Top Arrangers – Marty Paich

Spirit – Spirit – Sundazed Mono Reviewed

More Spirit

More Spirit – Spirit

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Sonic Grade: D

Another Sundazed record reviewed and found wanting.

As usual, the Sundazed only hints at the real sound of the recording. We recommended it back at the day; it’s tonally correct, so for fifteen bucks you are getting your fifteen bucks worth and probably not a dime’s more. We just cannot take this kind of sound seriously these days. Once you’ve heard the real thing, this pressing just won’t do.

This is the band’s Masterpiece as well as a Desert Island Disc for yours truly.

What qualifies a record to be a Masterpiece needs no explanation. We will make every effort to limit the list to one entry per artist or group, although some exceptions have already occurred to me, so that rule will no doubt be broken from time to time. As Ralph Waldo Emerson so memorably wrote, “A foolish consistency is the hobgoblin of little minds…”

For a record to come to my Desert Island Disc, such a record: 1) must have at some time during my fifty years as a music lover and audio enthusiast been played enthusiastically, fanatically even, causing me to feel what Leonard Bernstein called “the joy of music”; 2) my sixty year old self must currently respect the album, and; 3) I must think I will want to listen to the music fairly often and well into the future (not knowing how long I may be stranded there).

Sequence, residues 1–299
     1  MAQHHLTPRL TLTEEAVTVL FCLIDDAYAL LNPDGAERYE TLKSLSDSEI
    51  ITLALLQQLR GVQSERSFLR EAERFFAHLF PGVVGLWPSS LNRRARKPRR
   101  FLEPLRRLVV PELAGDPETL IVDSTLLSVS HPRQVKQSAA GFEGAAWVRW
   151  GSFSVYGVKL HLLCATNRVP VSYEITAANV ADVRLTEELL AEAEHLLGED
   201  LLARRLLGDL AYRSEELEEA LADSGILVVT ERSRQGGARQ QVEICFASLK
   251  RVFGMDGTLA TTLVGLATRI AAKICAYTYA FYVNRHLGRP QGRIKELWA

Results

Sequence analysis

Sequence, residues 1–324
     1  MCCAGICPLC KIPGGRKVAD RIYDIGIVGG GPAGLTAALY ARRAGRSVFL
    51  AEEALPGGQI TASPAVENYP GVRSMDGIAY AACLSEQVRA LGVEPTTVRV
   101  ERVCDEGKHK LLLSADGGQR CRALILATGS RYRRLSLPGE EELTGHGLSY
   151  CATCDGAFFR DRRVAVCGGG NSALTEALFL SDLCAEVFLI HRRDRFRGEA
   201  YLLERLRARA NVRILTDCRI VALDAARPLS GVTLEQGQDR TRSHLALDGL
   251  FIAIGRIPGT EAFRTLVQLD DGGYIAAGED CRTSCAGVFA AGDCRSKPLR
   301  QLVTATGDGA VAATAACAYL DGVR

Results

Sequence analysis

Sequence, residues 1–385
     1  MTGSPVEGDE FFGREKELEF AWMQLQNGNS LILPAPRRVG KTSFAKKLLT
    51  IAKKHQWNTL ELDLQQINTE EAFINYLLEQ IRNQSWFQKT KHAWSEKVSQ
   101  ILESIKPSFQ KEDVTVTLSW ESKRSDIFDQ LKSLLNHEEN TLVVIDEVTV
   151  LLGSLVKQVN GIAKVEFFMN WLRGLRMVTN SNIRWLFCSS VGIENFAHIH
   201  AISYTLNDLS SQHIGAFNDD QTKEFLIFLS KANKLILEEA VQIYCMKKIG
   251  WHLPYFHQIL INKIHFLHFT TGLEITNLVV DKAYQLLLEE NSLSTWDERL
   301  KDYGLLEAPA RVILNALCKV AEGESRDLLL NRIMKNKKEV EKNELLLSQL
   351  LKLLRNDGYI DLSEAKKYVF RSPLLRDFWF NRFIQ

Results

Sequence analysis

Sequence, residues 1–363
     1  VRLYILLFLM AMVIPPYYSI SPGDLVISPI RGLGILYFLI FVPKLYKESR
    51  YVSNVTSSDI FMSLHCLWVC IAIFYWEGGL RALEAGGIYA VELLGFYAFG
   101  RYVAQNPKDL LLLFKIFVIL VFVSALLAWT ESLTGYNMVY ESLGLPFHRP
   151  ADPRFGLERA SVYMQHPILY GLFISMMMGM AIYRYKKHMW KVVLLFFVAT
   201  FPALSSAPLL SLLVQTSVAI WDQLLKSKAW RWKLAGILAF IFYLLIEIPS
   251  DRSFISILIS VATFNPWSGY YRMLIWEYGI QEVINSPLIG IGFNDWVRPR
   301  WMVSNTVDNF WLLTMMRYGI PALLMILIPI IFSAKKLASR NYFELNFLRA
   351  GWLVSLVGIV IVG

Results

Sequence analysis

How many records meet the Desert Island Disc criteria? Certainly many more than you can see when you click on the link, but new titles will be added as time permits. (more…)

Marty Paich – One of Our Favorite Arrangers

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MARTY PAICH is one of our favorite arrangers. Some of the better albums arranged by Marty in our opinion are Spirit’s first, Art Pepper Plus Eleven, Ella Swings Lightly and Whisper Not, and the amazing The Hi-Lo’s And All That Jazz.  Copies or commentaries for all of them can be found on our site.

Because the Marty Paich Dek-tette usually appeared in support of other artists, its importance has been overlooked in jazz history. More than anyone else, Paich kept cool jazz alive long after his contemporaries (including Shorty Rogers and Gerry Mulligan) had abandoned the style. (Ironically, the final appearance of the classic Dek-tette appeared on Ella Fitzgerald’s 1966 album “Whisper Not”, where they backed her on a swinging version of “Time After Time”. In the late 1980s, Paich re-formed the Dek-tette for two reunion albums with Mel Tormé.) For Tormé, Jeri Southern, Sammy Davis, Jr. and the Hi-Lo’s, their albums with Paich and the Dek-tette represented some of their finest recordings. “Ella Swings Lightly” doesn’t qualify as Fitzgerald’s all-time best album, but it is certainly a highlight from an extraordinary part of her career.

Thomas Cunniffe